The Thrill of the Hunt
For our blog series Used Around Town, Katie and I have been scoping out some of the coolest thrift stores in Victoria. An unexpected byproduct of these adventures has been my new-found love of vintage shopping. Roll your eyes if you wish, but there’s a reason that celebrities and style mavens alike have been at it forever. Katie and I have been scoping out tons of amazing shops, thus putting me on a pretty steep learning curve. As I get better, I’ve been applying this knowledge to UsedVictoria.com as well! Here are my tips thus far…
Ignore sizes. When you’re dealing with used clothing, sizes can be pretty inconsistent, especially if the pieces span decades. Use the size as a ballpark measuring tool, but if you want to get a better idea of how something will fit make sure you know your own measurements.
Layer! I apply this to virtually all forms of shopping: if possible, wear an outfit with a tank top and legging underneath (for example, a tank top, cardigan and boots with leggings). It makes it a lot easier to try things on if there are limited dressing rooms or if it’s during peak shopping times. Same goes if you’re using the site – way easier to just pop a jacket or whatever over top of what you have on that having to hole up in a stranger’s bathroom.
Clean. A big draw to used and vintage clothing is that it has a uniqueness and history to it. Some people are not totally comfortable with this, which is why God invented dry cleaners. It’s best to wash anything before you wear it anyway, whether that be at home in your washing machine or having it professionally pressed. Having said that, be wary of stains – not everything is going to come out in the wash!
Go big. As someone who is petite, I’m used to having to take things to the tailor. When it comes to vintage, you’re better off going with something that’s too big and having it altered to fit you perfectly. If it’s slightly too small but you love it, a tailor might be able to let it out for you as well (keep it mind, it’s easier to make it smaller than add to it).
Holey soles. When it comes to shoes and boots, soles can generally be replaced pretty easily but holes in leather or fabric will not always be repairable. Make friends with your cobbler (as well as your tailor and dry cleaner).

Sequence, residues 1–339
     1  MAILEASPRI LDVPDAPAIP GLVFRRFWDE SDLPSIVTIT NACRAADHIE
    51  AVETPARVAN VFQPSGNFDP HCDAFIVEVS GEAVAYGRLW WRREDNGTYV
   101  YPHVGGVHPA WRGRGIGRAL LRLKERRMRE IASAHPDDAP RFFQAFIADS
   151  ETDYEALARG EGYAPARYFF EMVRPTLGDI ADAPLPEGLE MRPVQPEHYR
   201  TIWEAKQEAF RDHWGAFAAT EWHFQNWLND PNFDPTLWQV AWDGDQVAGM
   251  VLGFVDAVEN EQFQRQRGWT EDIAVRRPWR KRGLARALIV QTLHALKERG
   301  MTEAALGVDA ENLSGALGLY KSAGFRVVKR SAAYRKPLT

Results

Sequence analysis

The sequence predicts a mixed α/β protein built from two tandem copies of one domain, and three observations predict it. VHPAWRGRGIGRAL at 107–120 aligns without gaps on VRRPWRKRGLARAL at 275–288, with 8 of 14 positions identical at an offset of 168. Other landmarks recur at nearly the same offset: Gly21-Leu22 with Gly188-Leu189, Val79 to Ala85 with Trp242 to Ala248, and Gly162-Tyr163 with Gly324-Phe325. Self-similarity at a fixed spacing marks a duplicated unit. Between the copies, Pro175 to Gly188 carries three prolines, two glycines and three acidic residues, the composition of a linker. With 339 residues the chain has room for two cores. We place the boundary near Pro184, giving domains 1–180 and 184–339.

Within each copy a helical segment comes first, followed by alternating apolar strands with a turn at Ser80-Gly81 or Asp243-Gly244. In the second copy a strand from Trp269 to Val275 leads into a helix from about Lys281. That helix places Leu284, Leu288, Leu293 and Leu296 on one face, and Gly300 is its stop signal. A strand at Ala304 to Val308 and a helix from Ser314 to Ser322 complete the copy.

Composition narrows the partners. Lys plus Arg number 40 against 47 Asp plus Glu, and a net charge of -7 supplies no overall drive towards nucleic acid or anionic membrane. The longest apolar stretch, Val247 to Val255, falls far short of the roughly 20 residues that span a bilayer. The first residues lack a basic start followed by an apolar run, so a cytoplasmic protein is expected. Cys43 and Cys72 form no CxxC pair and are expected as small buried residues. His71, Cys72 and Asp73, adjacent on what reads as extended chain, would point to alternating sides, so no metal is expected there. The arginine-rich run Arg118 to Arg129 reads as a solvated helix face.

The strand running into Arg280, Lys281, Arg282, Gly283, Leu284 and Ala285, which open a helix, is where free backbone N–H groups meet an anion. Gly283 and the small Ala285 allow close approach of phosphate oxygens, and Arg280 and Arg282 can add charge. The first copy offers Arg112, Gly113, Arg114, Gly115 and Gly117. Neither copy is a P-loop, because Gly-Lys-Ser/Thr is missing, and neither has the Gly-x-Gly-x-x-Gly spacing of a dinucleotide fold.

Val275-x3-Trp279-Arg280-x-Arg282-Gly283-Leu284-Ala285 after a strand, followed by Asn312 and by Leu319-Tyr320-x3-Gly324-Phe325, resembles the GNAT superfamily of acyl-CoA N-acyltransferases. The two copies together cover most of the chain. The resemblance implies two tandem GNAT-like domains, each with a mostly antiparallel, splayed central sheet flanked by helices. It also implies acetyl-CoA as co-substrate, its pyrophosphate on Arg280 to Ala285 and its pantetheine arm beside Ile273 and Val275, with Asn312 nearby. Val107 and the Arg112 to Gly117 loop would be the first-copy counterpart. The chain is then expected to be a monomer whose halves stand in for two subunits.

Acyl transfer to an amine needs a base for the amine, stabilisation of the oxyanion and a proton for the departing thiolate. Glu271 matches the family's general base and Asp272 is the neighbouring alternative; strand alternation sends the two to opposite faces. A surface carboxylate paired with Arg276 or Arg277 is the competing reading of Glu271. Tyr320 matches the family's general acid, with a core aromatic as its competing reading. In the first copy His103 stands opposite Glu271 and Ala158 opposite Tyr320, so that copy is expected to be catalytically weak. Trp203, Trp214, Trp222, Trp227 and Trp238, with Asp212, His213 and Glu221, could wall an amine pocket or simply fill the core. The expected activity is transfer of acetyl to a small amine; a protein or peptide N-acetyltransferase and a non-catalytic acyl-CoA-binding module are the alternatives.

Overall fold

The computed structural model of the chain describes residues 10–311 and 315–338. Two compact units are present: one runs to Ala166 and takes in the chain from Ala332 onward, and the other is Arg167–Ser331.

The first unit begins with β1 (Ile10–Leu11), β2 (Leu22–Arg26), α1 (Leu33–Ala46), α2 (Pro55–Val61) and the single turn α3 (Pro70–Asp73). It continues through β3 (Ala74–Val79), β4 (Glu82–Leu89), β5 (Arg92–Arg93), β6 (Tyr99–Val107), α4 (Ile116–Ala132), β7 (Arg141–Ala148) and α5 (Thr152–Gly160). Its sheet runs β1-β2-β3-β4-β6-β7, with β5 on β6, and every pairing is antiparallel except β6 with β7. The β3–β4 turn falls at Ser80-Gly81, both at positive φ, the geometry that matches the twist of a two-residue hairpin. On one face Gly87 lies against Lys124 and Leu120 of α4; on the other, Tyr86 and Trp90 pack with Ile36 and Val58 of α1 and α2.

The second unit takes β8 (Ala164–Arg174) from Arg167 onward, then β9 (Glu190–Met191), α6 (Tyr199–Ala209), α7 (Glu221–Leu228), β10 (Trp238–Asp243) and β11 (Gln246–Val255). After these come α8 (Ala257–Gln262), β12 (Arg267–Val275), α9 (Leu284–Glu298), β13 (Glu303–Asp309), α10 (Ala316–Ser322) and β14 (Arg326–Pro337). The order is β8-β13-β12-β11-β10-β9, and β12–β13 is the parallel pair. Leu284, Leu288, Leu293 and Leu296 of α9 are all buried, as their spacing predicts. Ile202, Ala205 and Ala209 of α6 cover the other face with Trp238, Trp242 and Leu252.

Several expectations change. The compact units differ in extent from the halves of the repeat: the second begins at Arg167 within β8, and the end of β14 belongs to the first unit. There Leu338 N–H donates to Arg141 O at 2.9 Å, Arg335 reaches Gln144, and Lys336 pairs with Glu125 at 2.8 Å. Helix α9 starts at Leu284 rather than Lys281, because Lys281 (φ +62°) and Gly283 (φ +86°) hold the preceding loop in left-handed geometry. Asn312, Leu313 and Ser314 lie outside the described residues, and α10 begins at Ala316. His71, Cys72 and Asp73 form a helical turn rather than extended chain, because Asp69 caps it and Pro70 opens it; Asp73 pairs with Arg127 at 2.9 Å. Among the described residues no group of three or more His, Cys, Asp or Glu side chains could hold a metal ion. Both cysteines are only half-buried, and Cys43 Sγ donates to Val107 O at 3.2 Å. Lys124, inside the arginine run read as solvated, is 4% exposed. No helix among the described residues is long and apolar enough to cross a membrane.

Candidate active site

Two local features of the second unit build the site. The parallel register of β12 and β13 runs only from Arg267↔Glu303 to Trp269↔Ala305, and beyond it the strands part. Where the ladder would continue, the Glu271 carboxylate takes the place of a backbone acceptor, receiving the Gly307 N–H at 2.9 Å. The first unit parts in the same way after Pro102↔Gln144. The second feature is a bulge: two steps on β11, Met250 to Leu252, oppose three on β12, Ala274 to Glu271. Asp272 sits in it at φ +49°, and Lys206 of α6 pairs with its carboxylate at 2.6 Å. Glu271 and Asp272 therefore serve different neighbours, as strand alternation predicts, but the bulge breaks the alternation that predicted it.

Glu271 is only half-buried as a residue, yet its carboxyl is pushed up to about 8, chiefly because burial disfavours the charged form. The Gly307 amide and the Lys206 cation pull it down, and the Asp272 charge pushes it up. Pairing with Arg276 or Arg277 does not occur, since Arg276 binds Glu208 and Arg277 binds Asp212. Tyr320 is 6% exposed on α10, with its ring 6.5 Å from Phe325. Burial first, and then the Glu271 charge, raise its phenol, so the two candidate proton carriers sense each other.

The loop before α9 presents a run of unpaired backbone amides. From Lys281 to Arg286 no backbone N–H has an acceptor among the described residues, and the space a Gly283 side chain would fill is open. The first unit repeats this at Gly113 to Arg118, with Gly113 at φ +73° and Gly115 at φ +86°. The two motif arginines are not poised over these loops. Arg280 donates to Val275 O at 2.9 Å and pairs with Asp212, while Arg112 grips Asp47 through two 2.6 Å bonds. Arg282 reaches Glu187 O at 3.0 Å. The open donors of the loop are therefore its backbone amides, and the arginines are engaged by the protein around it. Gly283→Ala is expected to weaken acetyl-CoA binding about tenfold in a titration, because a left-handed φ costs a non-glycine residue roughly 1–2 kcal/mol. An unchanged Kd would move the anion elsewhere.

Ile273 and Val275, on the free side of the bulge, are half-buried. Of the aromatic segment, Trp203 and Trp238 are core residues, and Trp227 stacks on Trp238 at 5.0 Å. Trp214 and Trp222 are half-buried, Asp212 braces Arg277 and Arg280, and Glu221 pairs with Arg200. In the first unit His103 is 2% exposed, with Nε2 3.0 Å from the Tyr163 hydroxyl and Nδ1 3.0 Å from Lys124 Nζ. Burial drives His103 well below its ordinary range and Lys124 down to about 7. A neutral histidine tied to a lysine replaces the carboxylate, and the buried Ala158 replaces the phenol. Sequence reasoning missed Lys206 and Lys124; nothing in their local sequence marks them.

Basic instinct. Sometimes it’s all about your gut feeling. There is a degree of urgency when you’re shopping vintage; if you decide to ‘think on it’ and come back later, it will probably be gone – that’s just the way the universe seems to work. A lot of these pieces will be one of a kind, so impulse buying is more acceptable here. Worst case scenario, you can sell it back or put it on your local Used site.
Bring cash. Depending on where you’re shopping, they might not have debit or credit set up and there might not be an ATM close by. Make sure you have bills on hand, because you never know what you’ll find.
Invest time. When you’re searching for hidden treasure, leave no corner un-inspected. You probably won’t find something awesome every single time, but try to find out when your favourite shops get new stuff (in the site’s case, you already know it’s on a minute to minute basis!).
Use your imagination. A little creativity never hurt; if you’re not totally sure but you think it might have potential, visit your new best friend (one of them, rather) the tailor. Check out style blogs and your favourite celebrities for some vintage inspiration.
Favourite things to look for: vintage t-shirts are always popular, as are cowboy boots, sunglasses and wood or turquoise jewelry. Leather bags are always a good purchase, such as the vintage Coach cross-body bag I picked up on UsedVictoria.com recently (hint: for way less than at a vintage shop, and especially sweet since Coach is releasing a “vintage” line for Net-a-Porter at full price). Trendy items are also great vintage finds; this season look for rompers and jumpsuits, bell-bottoms, wedges and anything colour-blocked.